He’s reasonably loyal, as it’s tough to ever get loyalty above the 70s and 80s. Power Base is a big deal as it’s the primary determinant in when your disloyal characters can revolt. They have to hold a certain percent of the total power base to do so. Loyal Cohorts aren’t really a problem for us presently as we don’t have any permanent legions. But as you do, troops will grow loyal to their generals and this can cause problems if that general decides to turn on you.

On top of being a ruler, general, admiral, or governor, characters can also hold a number of offices that each have an effect on your nation.


You see the little green bar for our Marshal that’s 1/6? That means even though our Marshal has a Martial character stat of 6, he’s not yet very good at the details of his job, so he’s providing the equivalent of a 1 stat effect. That is determined by Statemanship which mostly just builds from being in offices over time, with various modifiers on top that you’d expect from a Paradox game. The effect is that you are discouraged from messing with who is in what office all that often, and that usually means they’ll hold an office until they die(or if they suck at the job and someone much better comes along). While most of those numbers for their effects look small, they really aren’t. The -1% mercenary cost from our Marshal is the only really pathetic one in there. +3% taxes from the Steward too aren’t great, but he’s only 23 so should end up spending much of his adult life as a quality Steward.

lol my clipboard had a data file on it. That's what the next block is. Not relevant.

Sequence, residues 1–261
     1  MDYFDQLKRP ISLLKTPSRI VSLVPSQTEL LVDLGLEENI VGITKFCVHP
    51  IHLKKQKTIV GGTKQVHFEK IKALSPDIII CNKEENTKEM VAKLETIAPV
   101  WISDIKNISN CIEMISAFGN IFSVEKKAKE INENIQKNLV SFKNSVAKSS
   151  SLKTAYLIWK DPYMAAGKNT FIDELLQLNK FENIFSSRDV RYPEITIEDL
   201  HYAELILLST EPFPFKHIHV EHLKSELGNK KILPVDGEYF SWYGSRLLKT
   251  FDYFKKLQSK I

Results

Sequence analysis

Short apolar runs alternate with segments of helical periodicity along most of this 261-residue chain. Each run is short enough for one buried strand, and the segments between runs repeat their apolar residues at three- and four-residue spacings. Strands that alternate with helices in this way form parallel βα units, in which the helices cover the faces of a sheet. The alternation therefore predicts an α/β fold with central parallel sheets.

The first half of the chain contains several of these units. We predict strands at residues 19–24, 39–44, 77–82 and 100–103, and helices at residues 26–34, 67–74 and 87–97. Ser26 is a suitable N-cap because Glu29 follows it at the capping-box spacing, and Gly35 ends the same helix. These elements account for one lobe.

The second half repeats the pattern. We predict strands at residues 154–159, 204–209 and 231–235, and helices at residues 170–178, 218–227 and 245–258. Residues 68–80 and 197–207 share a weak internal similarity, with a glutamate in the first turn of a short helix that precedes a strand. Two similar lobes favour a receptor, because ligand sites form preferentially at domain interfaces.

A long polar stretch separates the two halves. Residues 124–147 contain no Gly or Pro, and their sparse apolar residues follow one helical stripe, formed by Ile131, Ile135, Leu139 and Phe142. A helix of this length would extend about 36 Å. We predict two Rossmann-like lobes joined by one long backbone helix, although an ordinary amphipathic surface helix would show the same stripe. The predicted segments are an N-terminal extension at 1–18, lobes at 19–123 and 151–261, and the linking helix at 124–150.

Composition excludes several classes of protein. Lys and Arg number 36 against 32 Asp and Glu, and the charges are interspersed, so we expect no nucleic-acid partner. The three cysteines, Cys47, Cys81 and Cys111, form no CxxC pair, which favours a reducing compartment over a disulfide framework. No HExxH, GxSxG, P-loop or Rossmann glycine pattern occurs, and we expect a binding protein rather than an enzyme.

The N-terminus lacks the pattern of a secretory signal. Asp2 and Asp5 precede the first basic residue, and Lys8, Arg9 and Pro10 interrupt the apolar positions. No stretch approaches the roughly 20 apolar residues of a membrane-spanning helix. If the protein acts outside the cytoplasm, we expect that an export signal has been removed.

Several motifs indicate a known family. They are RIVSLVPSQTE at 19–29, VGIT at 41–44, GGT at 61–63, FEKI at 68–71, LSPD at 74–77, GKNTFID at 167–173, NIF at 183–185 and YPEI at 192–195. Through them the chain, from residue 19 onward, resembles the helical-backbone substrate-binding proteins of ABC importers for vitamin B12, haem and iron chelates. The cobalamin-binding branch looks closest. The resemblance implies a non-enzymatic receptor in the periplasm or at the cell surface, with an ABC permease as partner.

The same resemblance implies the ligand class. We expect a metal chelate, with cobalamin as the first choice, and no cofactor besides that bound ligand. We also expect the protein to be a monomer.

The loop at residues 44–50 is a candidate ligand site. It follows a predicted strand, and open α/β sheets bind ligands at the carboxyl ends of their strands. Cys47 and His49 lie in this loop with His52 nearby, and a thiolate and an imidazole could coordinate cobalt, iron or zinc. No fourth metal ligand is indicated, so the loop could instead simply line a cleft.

On top of that, you also have a head researcher for each of the four brands of technology. The researchers are just a straight modifier based on their skill, no Statesmanship requirement.

Now, maybe you’ve noticed in the last two screens that most of the characters have a 2/2 or 3/2 next to them that is otherwise unexplained. Well, that’s a reference to another rather important feature. Families! Each nation in Imperator has a certain number of prominent families that expect you to provide a certain number of government positions for their members. Here are our 4 prominent families

We started the game with 3 and at some point we had an event to allow another character to head a new family. The green checkmarks means they all have at least as many positions as they expect. If any family wasn’t, they’d feel scorned and all of their members would lose loyalty. The first number over there is the total power base of the family and the last number is the family’s prestige. That prestige builds over time and grants the head of the family a bigger power base. All of this means that you need to take special care to keep the heads of families loyal and you may sometimes want to offer some offices or commands to less capable individuals because they come from a family you are trying to please.

One additional note on loyalty. Generals or Admirals with low loyalty will quit following your commands and just do whatever they want. This can be a huge pain in a war especially when you’re relatively small and can’t afford to have a commander acting autonomously.